Tampa Bay has developed a reputation as a magnet for tech companies over the last decade. Tampa Bay Wave has been there from the start.
So, ten years after the nonprofit tech accelerator and startup support organization launched its first cohort, Tampa Bay Wave gathered with its community of tech founders and regional partners during Tampa Bay Innovation Week to reflect on a decade of accomplishments and look ahead to a promising future.
With the help of the University of South Florida and a $1 million federal grant, Tampa Bay Wave launched its first accelerator program in early 2013 out of offices at the Sykes Building, now Rivergate Tower. Ten years later, Tampa Bay Wave celebrates its anniversary while settling into new offices in the WeWork building, 501 E. Kennedy Blvd.
“We had a vision for a regional economy that was going to be full of tech startups growing and creating high-wage jobs,” Tampa Bay Wave President and CEO Linda Olson says during an office ribbon cutting and anniversary celebration on February 16th. “But we also had a vision for this innovation ecosystem to be inclusive from the ground up, where we can provide opportunities and pathways for everyone in our community.”
The numbers show the success. Over the last 10 years, Tampa Bay Wave has run 29 accelerator cohorts with 460 startups that collectively have raised over $700 million in investment capital and created more than 4,200 jobs, Olson says.
But the numbers don’t tell the whole story, she adds. There’s also the best-in-class reputation for the accelerator programs and Tampa Bay Wave’s network of mentors and investors, Olson says. In 2018, that reputation and track record led the Nielsen Foundation to fund a TechDiversity accelerator program that would reach beyond Tampa Bay to bring in startups from around the country and the world.
Since then, Tampa Bay Wave has worked with startups from Europe, Asia, Central and South America, Australia and, through a partnership with the Florida-Israel Business Accelerator, several fintech and cyber tech firms from Israel.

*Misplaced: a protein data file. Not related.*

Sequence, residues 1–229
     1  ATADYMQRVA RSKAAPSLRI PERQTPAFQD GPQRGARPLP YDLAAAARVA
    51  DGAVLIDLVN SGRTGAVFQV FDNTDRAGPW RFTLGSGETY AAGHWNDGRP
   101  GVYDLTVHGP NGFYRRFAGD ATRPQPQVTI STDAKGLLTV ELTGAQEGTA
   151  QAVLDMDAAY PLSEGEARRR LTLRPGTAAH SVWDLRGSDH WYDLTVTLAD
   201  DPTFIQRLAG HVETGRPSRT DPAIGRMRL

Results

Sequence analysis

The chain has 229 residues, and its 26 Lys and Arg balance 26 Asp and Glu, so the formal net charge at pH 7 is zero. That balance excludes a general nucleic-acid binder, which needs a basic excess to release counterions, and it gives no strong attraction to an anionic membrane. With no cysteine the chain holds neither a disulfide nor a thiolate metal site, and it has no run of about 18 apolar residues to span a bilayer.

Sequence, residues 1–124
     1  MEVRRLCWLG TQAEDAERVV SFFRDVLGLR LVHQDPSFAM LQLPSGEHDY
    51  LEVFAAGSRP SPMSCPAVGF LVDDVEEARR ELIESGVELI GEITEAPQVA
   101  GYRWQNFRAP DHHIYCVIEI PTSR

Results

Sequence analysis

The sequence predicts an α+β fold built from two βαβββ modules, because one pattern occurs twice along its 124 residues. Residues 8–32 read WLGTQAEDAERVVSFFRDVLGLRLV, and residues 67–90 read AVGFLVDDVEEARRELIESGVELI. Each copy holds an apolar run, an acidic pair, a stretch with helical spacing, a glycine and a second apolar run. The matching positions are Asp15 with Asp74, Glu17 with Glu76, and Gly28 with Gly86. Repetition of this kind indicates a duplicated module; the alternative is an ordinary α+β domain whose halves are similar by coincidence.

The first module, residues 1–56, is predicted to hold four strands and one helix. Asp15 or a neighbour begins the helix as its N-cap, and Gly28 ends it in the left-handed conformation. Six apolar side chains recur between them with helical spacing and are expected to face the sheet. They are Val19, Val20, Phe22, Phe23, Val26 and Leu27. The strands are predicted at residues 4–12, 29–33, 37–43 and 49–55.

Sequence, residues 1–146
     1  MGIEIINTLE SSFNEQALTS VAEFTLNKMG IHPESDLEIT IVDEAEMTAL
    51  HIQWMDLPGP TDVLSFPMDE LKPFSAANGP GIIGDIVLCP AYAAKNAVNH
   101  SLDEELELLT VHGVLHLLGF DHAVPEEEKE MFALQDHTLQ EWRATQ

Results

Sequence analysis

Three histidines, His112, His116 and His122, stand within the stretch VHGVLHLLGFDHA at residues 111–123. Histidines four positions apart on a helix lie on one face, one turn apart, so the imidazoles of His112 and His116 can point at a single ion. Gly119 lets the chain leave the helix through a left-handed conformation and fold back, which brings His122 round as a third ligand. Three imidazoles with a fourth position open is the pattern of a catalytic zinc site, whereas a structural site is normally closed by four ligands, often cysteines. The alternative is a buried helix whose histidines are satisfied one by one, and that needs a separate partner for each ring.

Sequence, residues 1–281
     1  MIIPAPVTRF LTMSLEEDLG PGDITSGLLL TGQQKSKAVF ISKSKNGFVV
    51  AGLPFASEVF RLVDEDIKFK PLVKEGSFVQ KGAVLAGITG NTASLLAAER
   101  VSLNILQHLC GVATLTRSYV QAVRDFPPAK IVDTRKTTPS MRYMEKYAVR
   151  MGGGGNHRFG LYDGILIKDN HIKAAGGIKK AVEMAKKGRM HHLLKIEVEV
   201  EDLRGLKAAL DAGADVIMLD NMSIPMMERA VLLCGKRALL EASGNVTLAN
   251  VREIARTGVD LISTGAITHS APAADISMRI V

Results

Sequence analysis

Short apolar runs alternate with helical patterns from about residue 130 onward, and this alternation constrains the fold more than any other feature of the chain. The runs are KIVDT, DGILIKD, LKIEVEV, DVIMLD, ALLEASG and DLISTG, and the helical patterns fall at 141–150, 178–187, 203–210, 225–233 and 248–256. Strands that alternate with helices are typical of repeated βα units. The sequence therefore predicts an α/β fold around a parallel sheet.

“We are attracting world-class startups to Tampa Bay to be in our programs,” Olson says. “We have been doing that for several years. But why would we do that? Because when we can attract those world-class companies to come here, and by the way, many of them end up staying, we’re also helping the region attract world-class resources for startups. I would put our mentor network and our investor network up against any program in the country right now.”
The goal, she says, is to attract companies that do not just start in Tampa Bay, but stay and grow here.
Looking ahead, Tampa Bay Wave is using federal funding to expand its programs and impact. A $2 million grant from the United States Economic Development Administration’s Build to Scale program and a required $2 million local match will nurture startups and promote regional collaboration in the key tech sectors of cybersecurity, fintech and health tech, funding nine 90-day accelerator cohorts over a three-year period. U.S. Rep Kathy Castor’s office also secured $500,000 in funding for a Latin Tech accelerator that Tampa Bay Wave will run in partnership with the Tampa Bay Latin Chamber of Commerce.
At the February 16th event, Castor says in a Tampa community largely built on Latin entrepreneurship, the new accelerator program will help solve a funding gap Latin-owned startups now face.
During his comments, fintech industry leader and current Tampa Bay Wave Chair Santo Cannone credits Olson as a driving force in the growth of Tampa Bay Wave and the region’s tech sector.
“There are a lot of founders, a lot of folks who started their own companies, in this group here,” Cannone says. “And you know it takes some vision to do that, but you also know it takes some determination and some endurance to do that. And the fact that we’re standing here now 10 years into this project has a lot to do with this lady’s endurance and her determination.”
For more information, go to Tampa Bay Wave.
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